;hock to the solar plexis caused by a
junshot wound, a fall, a blow from a
ist or club, or a tired and hungry
>erson dringing a quantity of ice-cold
vater or beer, may cause apparent
leatft tnat may last ror aays unui me
fystem recovers from the shock and
evives, and the person lives. The
1am may also occur from weakness
:aused by illness, especially daring
They seem to think that American
:ustoms are rather brutal. To bury
vithin two or three days does not
;ive the body time to recover, and
illowing all our undertakers at once
o inject ten cents' worth of embalmng
fluid into the body kills all chance
>f its ever reviving. It would look
is if Americans were anxious to get
id of their parents and grandparents,
or, of course, middle-aged and old
Jeople are much more liable than
'oung people to a state of suspended
Democrats Win in Maryland.
Baltimore, Nov. 5.?Owing to the
ong and cumbersome ballot returns
rom the election in Maryland were
till incomplete this morning. The
udications, however, were that Blair
^ee, Democrat, was elected to the
Jnited States senate by a plurality of
bout 30,000 and that the Democratc
state ticket would do nearly as
The Democrats claim a plurality of
hree-fourths in each house of the
egislature. This would be sufficient
o override any votes of the Republian
The progressive vote fell off heavly.
In Baltimore it was less than
per cent, of the vote cast for Theo
[ore Roosevelt for president last
Read The Herald, $1.50 year.
FARMER SHOOTS ANOTHER
WOUNDED MAN KILLED BROTHER
OF HIS ASSAILANT.
Joe Simpson Wounded by T. S. Sessions?Simpson's
Son Tells Story
Camden, Nov. 4.?Joe Simpson, a
prominent farmer of the Blaney
neighborhood, was shot and wounded
about the face and shoulder this
morning at 11 o'clock by T. S. Sescinnc
annthdr farmpr of thfi same
neighborhood. The shooting is said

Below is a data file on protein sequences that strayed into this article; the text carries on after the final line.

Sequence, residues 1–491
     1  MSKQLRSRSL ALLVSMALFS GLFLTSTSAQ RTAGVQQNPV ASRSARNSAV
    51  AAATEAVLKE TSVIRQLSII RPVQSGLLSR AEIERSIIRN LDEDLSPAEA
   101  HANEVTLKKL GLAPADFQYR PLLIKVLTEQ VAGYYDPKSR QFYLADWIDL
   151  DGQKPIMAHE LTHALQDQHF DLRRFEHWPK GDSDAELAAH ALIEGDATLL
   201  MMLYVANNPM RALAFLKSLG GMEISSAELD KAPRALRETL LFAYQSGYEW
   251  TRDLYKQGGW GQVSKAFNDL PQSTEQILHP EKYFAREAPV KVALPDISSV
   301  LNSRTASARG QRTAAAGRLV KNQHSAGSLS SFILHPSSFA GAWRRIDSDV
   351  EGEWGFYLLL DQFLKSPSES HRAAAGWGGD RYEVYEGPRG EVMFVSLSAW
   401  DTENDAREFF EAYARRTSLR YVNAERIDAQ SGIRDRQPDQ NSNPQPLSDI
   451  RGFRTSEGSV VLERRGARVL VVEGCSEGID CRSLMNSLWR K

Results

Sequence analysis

to be an indirect result of the killing
of T. C. Sessions's brother, Henry
Session^, several months ago, by
Simpson. Earl Simpson, son of Joe
Simpson, who had come to Camden
to have a warrant sworn out for
sessions, was interviewed tonight.
He said that he, his father, younger
brother and a negro were gathering
corn in a field near the public
road when Sessions rode by in his
buggy. Shortly afterwards, Sessions
passed them again. He saicl that they
continued their work and that he
was some distance from his father.
Some time after Sessions had passed
the field the second time, he said,
his (Simpson's) young brother called
out to his father to look out, that
Sessions was going to shoot, and that
no sooner than the son gave the
alarm the father satrted to turn
around, but was shot before doing
so. Mr. Simpson, who was wounded,
ran, said the son, and Sessions
followed him for some distance, but
did not fire again.
Dr Grisby, of Blaney, was summoned
shortly after the shooting, as
was the sheriff. Deputy Sheriff Doby
Huchabee left for Blaney shortly after
receiving word of the shooting.
Reports from Blaney state that Sessions
has been arrested and that he
and the deputy are on their way to
Several months ago Henry Sessions
drove up to Simpson's gin house
and, following an altercation, Simpson
shot and killed him. Mr. Simpson
was later released on bond and
his son, Earl Simpson, who was indicted
as an alleged accessory to the
killing, was released at the preliminary
Earl Simpson said that his father
had been warned several times
that T. C. Sessions would "get him"
in case he was acquitted, but as the
trial would not come off until next
week, that the family did not regard
the threats seriously.
It is not known yet whether Ml
Simpson's wounds will be healed sufficiently
for him to stand trial then
THE ART OF LIVING.
Why Many People Never Manage to
Many people never learn the art
of living because they never see the
relative importance of duties, opportunities
and interests, and never discriminate
between the things on
* ? ai ui. x - xi xi /..n
wmcn mey ougui to uruw tut; tun
weight of their energy and those
which they ought to touch lightly in
passing, says The Outlook.
The results of seeing things out of
perspective and of losing the sense
of relative values are not always
tragic, but they are always wasteful
of time and strength, and they destroy
the symmetry of living. At a
time when many interests appeal to
men or women it is easy to dissipate
one's vitality and waste one's influence.
It is so easy to know a little
of everything that many people
know nothing thoroughly. They become
electics in religion and their
spiritual energy evaporates in a
vague interests in the gossip, so to
speak, of half a dozen faiths; they
read the text books of all the arts r
and end by losing whatever capacity
for pleasure in beauty they had when
they became "globe trotters" in the
galleries, museums and studios; they
hear lectures on philosophy and get
a smattering of the dialect of